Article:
Hale, George E. and Ellerman, Ferdinand (1916) The Minute Structure of the Solar Atmosphere. Proceedings of the National Academy of Sciences of the United States of America, 2 (2). pp. 102-109. ISSN 0027-8424. http://resolver.caltech.edu/CaltechAUTHORS:HALpnas16b
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During a total eclipse of the sun, when the light of the disk is completely cut off by the moon, the solar atmosphere is momentarily revealed. The exceedingly faint corona, extending millions of miles into space, can be seen only at such times. But the more brilliant chromosphere, the comparatively shallow atmosphere of luminous gases which completely encircles the sun, and the prominences which rise out of it, can be observed on any clear day with the aid of a spectroscope. First applied to this purpose in 1868, the spectroscope has yielded a large store of information regarding the number, distribution, and nature of the prominences and the structure of the upper chromosphere, as seen in elevation at the sun's limb. It has also permitted the observation of certain phenomena of the solar atmosphere in projection against the disk, but on account of the brilliant background, only their general outlines can be thus detected. In order to study their details, we must have recourse to the spectroheliograph.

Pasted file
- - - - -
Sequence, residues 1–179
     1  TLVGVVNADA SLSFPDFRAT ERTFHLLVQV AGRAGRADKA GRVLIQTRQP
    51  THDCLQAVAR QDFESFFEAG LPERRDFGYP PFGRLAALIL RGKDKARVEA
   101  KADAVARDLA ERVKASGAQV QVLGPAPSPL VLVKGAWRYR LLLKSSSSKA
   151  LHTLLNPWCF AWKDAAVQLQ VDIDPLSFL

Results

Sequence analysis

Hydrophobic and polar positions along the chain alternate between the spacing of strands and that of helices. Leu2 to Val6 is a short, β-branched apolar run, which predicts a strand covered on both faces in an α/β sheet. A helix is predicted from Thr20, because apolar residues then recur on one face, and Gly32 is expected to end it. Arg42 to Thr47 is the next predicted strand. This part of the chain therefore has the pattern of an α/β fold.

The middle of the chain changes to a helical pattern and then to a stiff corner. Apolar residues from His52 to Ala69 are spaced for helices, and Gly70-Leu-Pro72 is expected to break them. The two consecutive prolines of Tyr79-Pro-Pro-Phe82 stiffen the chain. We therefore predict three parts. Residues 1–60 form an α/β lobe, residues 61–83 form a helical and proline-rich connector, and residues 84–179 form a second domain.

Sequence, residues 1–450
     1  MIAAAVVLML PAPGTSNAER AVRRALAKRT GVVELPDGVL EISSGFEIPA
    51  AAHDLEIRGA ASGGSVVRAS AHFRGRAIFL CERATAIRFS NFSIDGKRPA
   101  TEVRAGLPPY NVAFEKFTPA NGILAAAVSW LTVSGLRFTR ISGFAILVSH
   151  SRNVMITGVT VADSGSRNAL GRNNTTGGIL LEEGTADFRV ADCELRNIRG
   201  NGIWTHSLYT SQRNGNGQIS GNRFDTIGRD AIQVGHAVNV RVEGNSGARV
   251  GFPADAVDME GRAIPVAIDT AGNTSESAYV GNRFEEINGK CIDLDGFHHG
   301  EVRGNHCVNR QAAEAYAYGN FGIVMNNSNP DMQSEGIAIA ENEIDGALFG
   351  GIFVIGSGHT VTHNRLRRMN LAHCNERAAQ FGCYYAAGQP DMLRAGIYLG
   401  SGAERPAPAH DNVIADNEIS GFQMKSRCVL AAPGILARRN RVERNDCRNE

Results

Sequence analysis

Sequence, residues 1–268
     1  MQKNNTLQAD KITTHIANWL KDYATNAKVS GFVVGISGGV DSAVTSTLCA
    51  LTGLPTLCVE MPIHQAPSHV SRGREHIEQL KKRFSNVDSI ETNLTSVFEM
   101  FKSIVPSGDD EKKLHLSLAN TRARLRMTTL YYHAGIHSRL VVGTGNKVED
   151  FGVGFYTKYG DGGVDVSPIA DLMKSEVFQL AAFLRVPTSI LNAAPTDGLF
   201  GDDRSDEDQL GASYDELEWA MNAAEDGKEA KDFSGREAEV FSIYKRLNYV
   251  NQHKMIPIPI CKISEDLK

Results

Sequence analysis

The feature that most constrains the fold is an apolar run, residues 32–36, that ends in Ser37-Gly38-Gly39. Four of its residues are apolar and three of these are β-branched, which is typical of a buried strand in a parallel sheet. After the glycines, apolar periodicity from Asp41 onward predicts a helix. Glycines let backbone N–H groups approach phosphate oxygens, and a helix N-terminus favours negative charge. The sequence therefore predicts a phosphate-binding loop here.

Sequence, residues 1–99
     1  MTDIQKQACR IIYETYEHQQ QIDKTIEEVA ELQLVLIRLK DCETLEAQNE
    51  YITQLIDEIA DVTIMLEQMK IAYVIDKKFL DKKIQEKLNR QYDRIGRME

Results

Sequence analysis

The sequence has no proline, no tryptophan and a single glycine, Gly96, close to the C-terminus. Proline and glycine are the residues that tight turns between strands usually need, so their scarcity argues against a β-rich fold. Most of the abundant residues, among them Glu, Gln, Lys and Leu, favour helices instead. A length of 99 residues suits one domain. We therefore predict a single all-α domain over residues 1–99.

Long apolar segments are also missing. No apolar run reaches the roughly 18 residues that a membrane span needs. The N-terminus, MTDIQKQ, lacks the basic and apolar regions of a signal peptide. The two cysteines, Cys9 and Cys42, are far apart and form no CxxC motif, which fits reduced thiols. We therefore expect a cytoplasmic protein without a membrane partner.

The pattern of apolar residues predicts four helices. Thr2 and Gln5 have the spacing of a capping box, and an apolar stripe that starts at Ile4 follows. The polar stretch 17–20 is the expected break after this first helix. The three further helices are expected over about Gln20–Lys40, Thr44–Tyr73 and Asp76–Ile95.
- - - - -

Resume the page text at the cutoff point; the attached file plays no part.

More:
|Additional Information:||Copyright © 1916 by the National Academy of Sciences. Received by the Academy, January 10, 1916.|
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|Deposited On:||20 Sep 2008 03:57|
|Last Modified:||26 Dec 2012 10:18|
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